While the circumstances surrounding the property’s purchase are the focus of the ongoing trial in the Vatican courts, with accusations of fraud and embezzlement against 10 people, the question of how Peter’s Pence has been used requires a look behind the scenes.
The Vatican’s finances have come under scrutiny in recent years, and Pope Francis has ordered the removal of responsibility for financial funds and real estate assets from the Secretariat of State.
The Vatican’s economy prefect, Fr. Juan Antonio Guerrero Alves, SJ, acknowledged “that people have the right to know how we spend the money that is given to us”.
But in 2014, before this papal decision and a wider push for transparency, the Secretariat of State was looking to invest in an oil project in Angola, and then dropped that plan, instead looking at investing in London real estate. The current Vatican trial covers, amongst other concerns, the question of borrowed money and loans surrounding this deal.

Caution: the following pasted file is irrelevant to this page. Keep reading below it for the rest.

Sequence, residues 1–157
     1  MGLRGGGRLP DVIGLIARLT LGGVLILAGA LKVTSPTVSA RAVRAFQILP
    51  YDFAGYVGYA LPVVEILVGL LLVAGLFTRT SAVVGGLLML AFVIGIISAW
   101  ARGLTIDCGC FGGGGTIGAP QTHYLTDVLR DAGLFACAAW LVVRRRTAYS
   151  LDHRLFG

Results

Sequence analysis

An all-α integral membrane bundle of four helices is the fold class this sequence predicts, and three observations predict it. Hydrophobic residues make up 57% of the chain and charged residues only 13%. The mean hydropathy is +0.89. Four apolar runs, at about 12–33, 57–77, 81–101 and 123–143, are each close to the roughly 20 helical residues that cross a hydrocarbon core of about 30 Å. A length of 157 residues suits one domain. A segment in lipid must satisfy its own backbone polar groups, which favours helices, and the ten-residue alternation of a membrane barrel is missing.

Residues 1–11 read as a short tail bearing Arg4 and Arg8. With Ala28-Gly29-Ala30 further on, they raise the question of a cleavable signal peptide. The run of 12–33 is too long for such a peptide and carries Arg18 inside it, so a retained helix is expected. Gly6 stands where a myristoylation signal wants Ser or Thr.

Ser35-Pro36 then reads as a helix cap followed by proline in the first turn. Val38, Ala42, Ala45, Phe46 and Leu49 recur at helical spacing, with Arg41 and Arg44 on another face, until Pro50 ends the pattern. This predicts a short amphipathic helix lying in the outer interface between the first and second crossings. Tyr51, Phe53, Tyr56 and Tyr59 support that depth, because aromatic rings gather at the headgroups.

In the hearing on June 20 last week, Fabrizio Tirabassi, a former Vatican official, explained in his interrogation that when he started working at the Secretariat of State, there was an Obolo Fund.
Obolo di San Pietro is Italian for Peter’s Pence.
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